It is an idea that has captured the hearts and minds of evangelical Christianity for decades. Back when I was a sophomore in college, an author named Hal Lindsey published a book some of you may remember entitled The Late Great Planet Earth, in which he predicted the end of the world before the end of the 1980s. The book was so popular it has been called “the best-selling nonfiction book of the 1970s.” Describing it as “nonfiction” when not a single prediction in it was true seems amusingly charitable; nonetheless, it remains a very popular book in the evangelical churches and has sold more than 35 million copies; Lindsey made a bundle of money that he sank into real estate (an odd investment choice, don’t you think, for someone who believed the world was coming to an end?) More honestly fictional but based on the same theology, Pastor Tim LaHaye made another big bundle of cash with sixteen books known as the Left Behind series, which sold 80 million copies and spawned several motion pictures and a video game.
Now, it’s easy to stand here and criticize Mr. Darby and his successors and their dispensationalist notions of Tribulation and Rapture; one need only point the numerous times in which such doomsayers have predicted the end of the world and turned out to be wrong. And we can point out that their dire predictions of worldwide hardships, disasters, famine, war, pain, and suffering, which will wipe out most of all life on the earth hardly seem to fit with God’s promise through the prophet Isaiah of “new heavens and a new earth [wherein we are to] be glad and rejoice forever.” But if we are truly going to “hear …, read, mark, learn, and inwardly digest” the Scriptures in such a way that we can really answer these prophets of doom, we need to do more than that. We need to use our imaginations and dig much deeper into the text.
One way in which Biblical historians and scholars have done that is to argue that this “text has nothing to do with predictions of the future, and any interpretation which treats it so is fatally flawed from the start.” They point out that this story, which appears in all three of the synoptic gospels, was written after the destruction of the Temple by the Romans in 70 CE; they argue that it was included in the gospels to reassure those First Century Christians who were dealing with that reality.
Luke was not written primarily for 21st-century Christians anxious about the future. It was written for a beleaguered and persecuted minority under the thumb of Rome. How were they to deal with this situation?
“The destruction of the temple may have been a foretelling after the event,” they say. “In other words Luke is theologizing about the temple’s destruction by placing a prediction on the lips of Jesus.”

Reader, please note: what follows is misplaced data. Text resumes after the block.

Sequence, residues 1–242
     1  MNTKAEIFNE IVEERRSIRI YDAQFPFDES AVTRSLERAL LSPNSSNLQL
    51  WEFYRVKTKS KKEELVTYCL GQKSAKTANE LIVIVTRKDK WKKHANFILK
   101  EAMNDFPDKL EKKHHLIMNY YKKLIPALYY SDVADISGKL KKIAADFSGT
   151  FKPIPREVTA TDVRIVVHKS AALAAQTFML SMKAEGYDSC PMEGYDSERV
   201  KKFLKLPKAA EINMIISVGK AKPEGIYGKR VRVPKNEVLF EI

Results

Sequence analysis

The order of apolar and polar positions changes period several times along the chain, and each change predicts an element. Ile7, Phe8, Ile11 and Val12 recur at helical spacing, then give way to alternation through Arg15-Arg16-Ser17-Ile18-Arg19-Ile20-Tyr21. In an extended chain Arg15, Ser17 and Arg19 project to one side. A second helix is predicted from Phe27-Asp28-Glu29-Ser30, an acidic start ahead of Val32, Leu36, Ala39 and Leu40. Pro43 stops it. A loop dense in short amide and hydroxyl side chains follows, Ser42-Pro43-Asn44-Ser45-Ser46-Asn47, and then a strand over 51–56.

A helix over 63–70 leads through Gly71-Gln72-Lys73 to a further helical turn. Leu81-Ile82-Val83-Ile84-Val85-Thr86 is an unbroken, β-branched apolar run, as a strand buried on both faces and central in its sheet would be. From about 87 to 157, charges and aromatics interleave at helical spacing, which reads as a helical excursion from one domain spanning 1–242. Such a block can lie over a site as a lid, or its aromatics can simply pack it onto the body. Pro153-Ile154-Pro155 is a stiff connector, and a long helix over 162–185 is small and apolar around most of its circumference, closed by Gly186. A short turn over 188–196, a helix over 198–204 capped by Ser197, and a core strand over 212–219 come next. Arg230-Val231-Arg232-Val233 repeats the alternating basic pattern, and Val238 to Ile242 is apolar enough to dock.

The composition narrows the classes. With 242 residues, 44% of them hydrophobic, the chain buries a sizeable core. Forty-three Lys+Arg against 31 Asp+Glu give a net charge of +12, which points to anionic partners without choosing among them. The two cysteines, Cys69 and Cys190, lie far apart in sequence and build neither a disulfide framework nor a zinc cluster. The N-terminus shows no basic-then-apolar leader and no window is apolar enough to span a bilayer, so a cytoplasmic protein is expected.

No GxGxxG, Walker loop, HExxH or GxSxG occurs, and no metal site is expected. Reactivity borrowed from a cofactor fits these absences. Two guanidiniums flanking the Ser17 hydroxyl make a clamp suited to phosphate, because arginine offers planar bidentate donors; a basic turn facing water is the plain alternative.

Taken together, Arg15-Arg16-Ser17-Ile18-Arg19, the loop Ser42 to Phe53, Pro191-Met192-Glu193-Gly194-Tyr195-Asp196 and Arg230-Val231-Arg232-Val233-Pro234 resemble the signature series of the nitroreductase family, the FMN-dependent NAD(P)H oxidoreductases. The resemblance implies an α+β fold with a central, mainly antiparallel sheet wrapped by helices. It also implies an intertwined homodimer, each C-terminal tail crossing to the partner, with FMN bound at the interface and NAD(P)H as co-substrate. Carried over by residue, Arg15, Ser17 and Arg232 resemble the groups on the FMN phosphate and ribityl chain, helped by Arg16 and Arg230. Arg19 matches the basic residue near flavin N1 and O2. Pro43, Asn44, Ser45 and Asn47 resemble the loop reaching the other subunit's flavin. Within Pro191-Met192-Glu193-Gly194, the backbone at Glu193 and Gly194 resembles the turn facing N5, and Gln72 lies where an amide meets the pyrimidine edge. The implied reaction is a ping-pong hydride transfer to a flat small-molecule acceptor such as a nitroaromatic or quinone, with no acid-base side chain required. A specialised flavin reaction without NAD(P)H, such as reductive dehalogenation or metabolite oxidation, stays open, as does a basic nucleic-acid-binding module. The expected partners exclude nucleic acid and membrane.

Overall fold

I don’t want to question their scholarship, and certainly their history is correct: the Gospels were written after the destruction of the Temple. But it seems to me that they come awfully close to suggesting that Jesus didn’t really say what the Bible says he said, and if the evangelist Mark, on whom Luke and Matthew rely, made up this story, then maybe the evangelists made up other stories, and if the gospel writers did, then maybe Paul and the other authors of the epistles did, and if the writers of the New Testament did, then maybe the prophets and the writers of the Jewish histories and the sages of the wisdom literature did, and if we go down that rabbit-hole then the whole of the Christian enterprise becomes a house of cards and if that’s the case, “then Christ has not been raised; and if Christ has not been raised, then our proclamation has been in vain and your faith has been in vain. We are even found to be misrepresenting God” . . . and I’m not willing to go there.
I believe those scholars who send us down that rabbit-hole do so because they make sort of the same error the dispensationalists make: Darby and his crowd hear Jesus speaking in a deadly serious tone of voice, while these modern scholars hear the evangelists telling the story in that same formal, serious, respectful, and enthusiastic tone. They come to different conclusions, but they start from the same mistake, from a failure of imagination, a failure to creatively conceive of Jesus (as my dental malpractice client did) speaking in a different tone of voice. And there are some clues that that might actually be the case!
One clue that Luke might have meant us to hear something other than predictive seriousness from Jesus is that Luke, writing in First Century Greek you remember, uses different tenses in this discourse. When Jesus answered those who asked “What will be the sign?” Luke reports his words in something called the “aorist passive subjunctive” tense which, as I understand it, indicates something that started happening in the past that may still be happening now and probably will continue on into the future. Now I’m not a Greek scholar and I don’t suggest that we all have to become Greek scholars to read, mark, learn, and inwardly digest the Gospels. We don’t have to because other people are and we can learn from them … and what they tell us is that this aorist tense suggests “possibility and does not indicate a point of fact.”